Stuffed tomatoes
Region or stateTurkey, Iran, Azerbaijan, Armenia, France, Italy, Greece, Argentina, Uruguay, Romania
Serving temperatureHot or room temperature[1]

Stuffed tomatoes are one of a number of dishes in which tomatoes are filled with ingredients, usually including rice. In 2017, dolma making in Azerbaijan was included in the UNESCO Intangible Cultural Heritage Lists.[2]


In various languages, the name of the dish literally means "stuffed tomatoes", including Azerbaijani: Pomidor dolması and Turkish: Domates dolması).[3] Elsewhere the name specifies that the dish includes rice such as Italian: Pomodori al Riso.[1]

Preparation and ingredients

In Turkey, the fruit are stuffed with meat (lamb) and rice; other ingredients are onion, parsley, olive oil, mint, black pepper, and salt. In the Roman dish, the filing is traditionally made with rice alone[1] and it can additionally be flavored with cinnamon.[4]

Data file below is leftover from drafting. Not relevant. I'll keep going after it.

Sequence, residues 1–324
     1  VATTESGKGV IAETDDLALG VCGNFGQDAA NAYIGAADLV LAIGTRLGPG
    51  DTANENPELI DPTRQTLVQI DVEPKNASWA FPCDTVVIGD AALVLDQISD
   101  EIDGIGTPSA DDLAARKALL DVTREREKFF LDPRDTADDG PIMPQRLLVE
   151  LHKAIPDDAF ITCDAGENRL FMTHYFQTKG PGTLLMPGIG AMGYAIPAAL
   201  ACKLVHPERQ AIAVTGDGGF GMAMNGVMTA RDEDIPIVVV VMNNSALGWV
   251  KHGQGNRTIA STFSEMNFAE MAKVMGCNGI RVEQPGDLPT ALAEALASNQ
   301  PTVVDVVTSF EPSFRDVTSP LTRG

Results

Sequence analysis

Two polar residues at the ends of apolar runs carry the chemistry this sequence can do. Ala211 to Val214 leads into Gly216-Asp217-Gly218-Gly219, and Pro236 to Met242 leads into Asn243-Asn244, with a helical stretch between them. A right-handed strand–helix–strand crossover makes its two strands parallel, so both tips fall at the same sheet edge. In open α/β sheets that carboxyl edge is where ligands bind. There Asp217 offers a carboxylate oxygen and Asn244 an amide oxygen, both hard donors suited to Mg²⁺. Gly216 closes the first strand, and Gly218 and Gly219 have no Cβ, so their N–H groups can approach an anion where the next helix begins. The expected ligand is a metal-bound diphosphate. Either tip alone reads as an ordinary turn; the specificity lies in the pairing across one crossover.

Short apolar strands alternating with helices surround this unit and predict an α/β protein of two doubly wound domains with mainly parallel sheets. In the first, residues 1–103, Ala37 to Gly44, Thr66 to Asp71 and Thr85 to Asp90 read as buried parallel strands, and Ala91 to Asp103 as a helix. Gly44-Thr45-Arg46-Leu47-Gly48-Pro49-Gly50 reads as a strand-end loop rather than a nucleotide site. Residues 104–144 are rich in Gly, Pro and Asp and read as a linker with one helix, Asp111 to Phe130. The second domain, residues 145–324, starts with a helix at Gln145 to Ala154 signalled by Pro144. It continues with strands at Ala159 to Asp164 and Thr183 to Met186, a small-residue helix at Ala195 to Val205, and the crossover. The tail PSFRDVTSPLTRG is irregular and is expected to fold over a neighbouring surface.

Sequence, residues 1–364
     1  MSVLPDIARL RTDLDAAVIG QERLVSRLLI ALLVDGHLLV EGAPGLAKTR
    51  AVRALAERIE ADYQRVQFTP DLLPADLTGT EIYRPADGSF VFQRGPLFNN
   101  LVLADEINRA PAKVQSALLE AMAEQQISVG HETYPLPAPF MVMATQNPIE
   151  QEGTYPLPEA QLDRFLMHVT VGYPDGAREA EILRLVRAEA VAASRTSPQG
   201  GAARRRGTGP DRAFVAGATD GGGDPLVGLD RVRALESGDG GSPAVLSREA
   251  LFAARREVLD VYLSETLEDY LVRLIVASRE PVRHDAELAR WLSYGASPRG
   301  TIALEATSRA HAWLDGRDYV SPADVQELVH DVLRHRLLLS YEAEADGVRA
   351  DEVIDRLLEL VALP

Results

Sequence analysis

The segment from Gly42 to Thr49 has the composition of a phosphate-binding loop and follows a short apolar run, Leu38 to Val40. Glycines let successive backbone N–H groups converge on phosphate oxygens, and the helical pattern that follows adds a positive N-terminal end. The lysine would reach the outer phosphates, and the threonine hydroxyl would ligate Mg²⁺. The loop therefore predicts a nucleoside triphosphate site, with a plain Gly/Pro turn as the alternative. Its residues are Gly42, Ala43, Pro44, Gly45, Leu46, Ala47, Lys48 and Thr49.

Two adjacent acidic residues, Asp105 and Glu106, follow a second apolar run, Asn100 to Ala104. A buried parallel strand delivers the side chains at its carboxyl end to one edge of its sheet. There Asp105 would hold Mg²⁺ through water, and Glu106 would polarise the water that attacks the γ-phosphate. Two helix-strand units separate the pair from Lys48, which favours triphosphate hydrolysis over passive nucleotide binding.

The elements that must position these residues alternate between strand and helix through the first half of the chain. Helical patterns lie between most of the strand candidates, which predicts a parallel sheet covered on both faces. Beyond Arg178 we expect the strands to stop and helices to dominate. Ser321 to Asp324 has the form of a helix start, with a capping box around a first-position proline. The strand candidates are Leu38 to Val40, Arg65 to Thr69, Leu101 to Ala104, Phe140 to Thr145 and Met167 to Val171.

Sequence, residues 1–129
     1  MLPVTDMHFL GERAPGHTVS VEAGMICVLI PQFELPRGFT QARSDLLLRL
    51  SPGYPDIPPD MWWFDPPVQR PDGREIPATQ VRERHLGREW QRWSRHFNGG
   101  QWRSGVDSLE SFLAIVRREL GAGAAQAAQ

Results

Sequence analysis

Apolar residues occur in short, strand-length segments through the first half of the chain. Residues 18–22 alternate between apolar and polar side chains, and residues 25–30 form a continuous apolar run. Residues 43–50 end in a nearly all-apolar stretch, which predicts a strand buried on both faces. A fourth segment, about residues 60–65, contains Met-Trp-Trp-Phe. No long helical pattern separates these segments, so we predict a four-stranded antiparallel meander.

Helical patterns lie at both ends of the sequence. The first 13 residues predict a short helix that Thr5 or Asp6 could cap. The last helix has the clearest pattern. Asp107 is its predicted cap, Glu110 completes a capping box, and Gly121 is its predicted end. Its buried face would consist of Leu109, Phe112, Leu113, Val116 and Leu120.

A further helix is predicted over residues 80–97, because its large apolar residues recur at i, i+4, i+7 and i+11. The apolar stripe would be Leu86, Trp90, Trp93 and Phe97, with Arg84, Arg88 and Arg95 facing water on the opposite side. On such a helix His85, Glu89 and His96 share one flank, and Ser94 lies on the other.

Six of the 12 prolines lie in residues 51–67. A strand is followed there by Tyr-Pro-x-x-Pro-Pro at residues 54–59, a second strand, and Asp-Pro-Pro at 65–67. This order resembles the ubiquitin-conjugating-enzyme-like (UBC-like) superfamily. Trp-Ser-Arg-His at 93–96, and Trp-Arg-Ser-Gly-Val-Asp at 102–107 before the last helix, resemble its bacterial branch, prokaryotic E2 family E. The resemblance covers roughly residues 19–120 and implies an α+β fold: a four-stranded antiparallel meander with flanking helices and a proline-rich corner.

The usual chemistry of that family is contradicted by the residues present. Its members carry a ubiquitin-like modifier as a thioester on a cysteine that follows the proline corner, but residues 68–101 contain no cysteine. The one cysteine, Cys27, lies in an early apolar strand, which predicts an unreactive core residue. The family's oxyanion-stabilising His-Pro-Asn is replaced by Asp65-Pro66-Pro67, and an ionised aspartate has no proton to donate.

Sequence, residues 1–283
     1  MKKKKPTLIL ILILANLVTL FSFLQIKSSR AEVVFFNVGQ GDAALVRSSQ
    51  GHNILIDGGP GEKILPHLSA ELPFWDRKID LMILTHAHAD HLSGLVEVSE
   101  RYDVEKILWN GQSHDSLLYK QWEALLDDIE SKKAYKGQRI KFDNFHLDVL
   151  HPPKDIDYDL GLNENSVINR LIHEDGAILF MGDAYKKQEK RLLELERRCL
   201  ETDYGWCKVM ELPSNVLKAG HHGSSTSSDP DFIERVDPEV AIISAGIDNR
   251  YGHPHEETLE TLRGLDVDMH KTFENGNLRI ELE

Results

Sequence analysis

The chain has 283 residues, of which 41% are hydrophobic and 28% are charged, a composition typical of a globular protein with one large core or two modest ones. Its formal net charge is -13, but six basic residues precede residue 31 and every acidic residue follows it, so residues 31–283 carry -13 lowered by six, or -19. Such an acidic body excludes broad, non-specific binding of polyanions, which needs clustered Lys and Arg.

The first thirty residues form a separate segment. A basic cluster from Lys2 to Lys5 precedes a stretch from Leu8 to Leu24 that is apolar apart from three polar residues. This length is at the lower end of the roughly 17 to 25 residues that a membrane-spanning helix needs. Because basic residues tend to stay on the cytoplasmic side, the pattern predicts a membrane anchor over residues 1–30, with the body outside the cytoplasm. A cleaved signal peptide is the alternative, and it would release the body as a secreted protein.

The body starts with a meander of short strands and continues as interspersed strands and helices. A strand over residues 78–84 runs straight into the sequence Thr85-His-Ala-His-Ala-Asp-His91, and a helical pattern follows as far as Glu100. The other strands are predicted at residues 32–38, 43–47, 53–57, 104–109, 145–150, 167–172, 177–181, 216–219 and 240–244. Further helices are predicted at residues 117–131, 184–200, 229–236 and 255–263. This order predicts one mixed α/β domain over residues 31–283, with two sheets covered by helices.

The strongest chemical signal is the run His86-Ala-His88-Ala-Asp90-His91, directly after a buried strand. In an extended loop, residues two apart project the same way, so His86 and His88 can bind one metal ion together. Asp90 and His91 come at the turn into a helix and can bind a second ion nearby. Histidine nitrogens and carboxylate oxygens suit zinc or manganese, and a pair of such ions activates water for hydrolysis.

In Provence, France, it is common to prepare tomate farcies with minced meat, breadcrumbs and cheese.[5] In Nice, the fruits are initially emptied and subsequently flavored with a filling of onion, garlic, aubergine, pepper, tomato paste and marjoram.[6][7]

See also


  1. ^ a b c Marx, Sasha (10 September 2019). "Stuff Your Face With Roman Rice-Stuffed Tomatoes". Serious Eats. Retrieved 3 September 2020.
  2. ^ Dolma making and sharing tradition, a marker of cultural identity Archived 2017-12-07 at the Wayback Machine. UNESCO Intangible Cultural Heritage.
  3. ^ "stuffed tomatoes in ground meat and basmati rice - Ozlem's Turkish Table". Retrieved 15 December 2017.
  4. ^ Jenkins, Nancy (29 May 1985). "Bringing out the Best in Food: a Tasteful Story". The New York Times. New York. Retrieved 3 September 2020.
  5. ^ Audrey (2020-07-13). "Classic Tomates Farcies (Baked Ground Meat-Stuffed Tomatoes)". Pardon Your French. Retrieved 2022-06-16.
  6. ^ "Ricetta Pomodori alla nizzarda". Buonissimo (in Italian). Retrieved 2022-06-16.
  7. ^ "Grilled Ratatouille-Stuffed Tomatoes • The Heritage Cook ®". The Heritage Cook ®. 2011-07-19. Retrieved 2022-06-16.